Lady Jane Grey, Lady Catherine Grey and Lady Mary Grey were her great-granddaughters. All three were in the Line of Succession to the English throne, with Jane, the eldest, having reigned as queen for nine days in 1553.
Cecily Marchioness Dorset Bonville (1460 – 1530)
The Bonville-Courtenay Feud was an episode in the War of the Roses in 15th centuryEngland. Often local concerns can dictate choice of side in civil wars. These two rival families lived in south-western England (Devon, Cornwall, Somerset). The Courtenays held the peerage Earldom of Devon and the Bonvilles were titled Lord Harington. Their dispute concerned the Stewardship of the Duchy of Cornwall. This was not a sinecure but rather a prestigious and financially rewarding position. Rival claims to this position triggered the feud. The feud led to considerable local bitterness and even murder. It was ended by government intervention. The War of the Roses was a time of shifting allegiances in British history as the tide of War presented opportunity for advancement to various factions. A similar feud was the Percy-Neville feud also at this time. In Ireland there was strife between the Butler family, Earls of Ormond versus the Fitzgerald line, Earls of Desmondand Kildare. Many senior members of the Bonville and Courtenay families were killed in the battles and skirmishes of the War of the Roses. This feud is relevant to Local History, Family History/Genealogy and the History of England specifically the War of the Roses.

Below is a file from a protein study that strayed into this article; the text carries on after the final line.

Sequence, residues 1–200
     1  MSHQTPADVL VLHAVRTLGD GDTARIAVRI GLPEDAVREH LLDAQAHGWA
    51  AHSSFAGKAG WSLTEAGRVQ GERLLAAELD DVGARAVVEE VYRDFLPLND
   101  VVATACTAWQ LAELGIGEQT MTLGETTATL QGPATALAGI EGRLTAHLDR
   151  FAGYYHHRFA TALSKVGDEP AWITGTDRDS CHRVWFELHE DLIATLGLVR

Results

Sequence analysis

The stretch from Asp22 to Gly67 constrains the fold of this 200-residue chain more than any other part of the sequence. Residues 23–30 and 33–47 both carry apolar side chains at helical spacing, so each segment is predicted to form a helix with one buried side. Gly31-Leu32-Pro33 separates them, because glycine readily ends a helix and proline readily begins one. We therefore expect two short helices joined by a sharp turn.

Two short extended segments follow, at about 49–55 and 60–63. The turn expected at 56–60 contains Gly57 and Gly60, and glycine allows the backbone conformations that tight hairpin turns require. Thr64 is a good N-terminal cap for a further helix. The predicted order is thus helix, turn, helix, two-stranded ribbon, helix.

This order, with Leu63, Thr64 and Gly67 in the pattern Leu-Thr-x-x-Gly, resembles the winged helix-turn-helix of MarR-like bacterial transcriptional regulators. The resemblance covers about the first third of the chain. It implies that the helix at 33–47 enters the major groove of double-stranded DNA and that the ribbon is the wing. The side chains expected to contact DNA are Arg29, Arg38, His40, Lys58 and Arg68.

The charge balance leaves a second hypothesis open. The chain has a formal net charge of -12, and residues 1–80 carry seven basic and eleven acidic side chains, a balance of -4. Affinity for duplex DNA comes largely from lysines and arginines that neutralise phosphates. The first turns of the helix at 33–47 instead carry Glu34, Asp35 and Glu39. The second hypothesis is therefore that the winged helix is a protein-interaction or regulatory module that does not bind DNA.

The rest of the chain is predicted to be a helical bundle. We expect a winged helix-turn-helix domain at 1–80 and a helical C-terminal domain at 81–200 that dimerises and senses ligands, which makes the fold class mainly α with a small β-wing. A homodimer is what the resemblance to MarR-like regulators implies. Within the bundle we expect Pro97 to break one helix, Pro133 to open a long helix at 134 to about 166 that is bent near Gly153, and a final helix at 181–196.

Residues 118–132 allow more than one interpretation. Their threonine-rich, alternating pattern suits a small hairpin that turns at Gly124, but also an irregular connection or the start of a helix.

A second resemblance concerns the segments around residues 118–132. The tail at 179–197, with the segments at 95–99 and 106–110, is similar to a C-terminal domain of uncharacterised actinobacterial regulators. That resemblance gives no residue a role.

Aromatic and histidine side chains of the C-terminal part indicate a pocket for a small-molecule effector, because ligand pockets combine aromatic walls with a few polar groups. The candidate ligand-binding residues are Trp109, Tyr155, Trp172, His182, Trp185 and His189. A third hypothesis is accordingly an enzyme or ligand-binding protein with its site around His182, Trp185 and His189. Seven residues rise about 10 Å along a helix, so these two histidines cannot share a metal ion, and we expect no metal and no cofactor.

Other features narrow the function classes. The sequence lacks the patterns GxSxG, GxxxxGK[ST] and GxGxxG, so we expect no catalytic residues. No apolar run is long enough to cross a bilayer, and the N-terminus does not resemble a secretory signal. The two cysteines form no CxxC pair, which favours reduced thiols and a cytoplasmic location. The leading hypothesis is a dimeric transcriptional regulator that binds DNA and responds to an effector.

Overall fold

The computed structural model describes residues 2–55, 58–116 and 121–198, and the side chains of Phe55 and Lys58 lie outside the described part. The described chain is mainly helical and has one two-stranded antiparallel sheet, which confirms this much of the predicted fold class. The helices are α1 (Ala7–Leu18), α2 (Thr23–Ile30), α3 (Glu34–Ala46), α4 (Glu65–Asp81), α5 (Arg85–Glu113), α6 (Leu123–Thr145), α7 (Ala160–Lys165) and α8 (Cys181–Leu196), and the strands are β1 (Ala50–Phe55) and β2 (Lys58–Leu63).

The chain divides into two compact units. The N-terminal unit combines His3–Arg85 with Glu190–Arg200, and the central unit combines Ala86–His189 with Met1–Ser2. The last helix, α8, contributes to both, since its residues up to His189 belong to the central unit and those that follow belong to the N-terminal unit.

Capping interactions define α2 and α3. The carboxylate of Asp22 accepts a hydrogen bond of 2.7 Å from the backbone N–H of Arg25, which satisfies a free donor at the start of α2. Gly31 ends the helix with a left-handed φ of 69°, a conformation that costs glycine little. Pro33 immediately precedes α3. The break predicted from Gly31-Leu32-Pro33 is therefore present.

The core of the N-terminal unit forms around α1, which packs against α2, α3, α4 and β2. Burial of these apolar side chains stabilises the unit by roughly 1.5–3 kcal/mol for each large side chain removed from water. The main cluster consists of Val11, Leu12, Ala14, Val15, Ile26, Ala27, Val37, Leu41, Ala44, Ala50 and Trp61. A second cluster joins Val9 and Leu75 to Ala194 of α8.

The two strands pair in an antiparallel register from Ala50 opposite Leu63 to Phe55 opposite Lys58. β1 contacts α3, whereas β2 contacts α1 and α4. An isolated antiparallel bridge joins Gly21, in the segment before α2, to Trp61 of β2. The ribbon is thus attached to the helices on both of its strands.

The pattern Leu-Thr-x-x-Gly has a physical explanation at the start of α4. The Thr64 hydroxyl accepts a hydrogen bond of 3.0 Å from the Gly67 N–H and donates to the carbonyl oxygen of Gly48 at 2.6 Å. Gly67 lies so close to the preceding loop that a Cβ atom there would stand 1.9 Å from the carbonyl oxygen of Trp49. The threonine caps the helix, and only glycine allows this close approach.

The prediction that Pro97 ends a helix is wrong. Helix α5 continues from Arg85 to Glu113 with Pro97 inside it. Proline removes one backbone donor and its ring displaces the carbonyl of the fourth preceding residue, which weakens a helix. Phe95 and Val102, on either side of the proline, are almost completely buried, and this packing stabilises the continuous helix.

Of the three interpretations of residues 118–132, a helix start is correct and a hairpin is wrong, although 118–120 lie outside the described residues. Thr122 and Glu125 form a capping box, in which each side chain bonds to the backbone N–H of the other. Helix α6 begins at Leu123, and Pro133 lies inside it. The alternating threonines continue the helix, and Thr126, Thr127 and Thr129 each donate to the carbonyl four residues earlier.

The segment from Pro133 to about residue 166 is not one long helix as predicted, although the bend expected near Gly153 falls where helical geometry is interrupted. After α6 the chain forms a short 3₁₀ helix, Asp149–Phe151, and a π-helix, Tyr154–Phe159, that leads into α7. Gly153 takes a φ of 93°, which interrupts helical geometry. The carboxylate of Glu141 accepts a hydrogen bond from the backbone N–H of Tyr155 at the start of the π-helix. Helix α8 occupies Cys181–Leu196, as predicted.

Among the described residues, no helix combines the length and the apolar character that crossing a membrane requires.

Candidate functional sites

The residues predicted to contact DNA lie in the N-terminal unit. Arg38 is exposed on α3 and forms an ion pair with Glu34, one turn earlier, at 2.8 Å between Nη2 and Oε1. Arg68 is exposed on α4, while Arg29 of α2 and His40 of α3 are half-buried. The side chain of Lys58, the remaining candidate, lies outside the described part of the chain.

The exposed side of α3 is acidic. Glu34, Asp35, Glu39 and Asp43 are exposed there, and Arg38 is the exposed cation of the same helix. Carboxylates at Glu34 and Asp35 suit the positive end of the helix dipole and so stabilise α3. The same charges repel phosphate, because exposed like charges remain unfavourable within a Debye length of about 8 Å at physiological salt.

In 1441 Devon was appointed to the lucrative stewardship of the Duchy of Cornwall, an office Henry VI had already conferred on Sir William Bonville  in 1437, Bonville was aWest Country gentleman whose growing influence at court threatened Courtenay domination in the region. He was punished after the skirmish at Dartford. Later conflict between Devon and Bonville’s party led to the murder of Nicholas Radford . Imprisoned in the Tower of London as punishment,Devon was released in 1457 by authority of QueenMargaret of Anjou.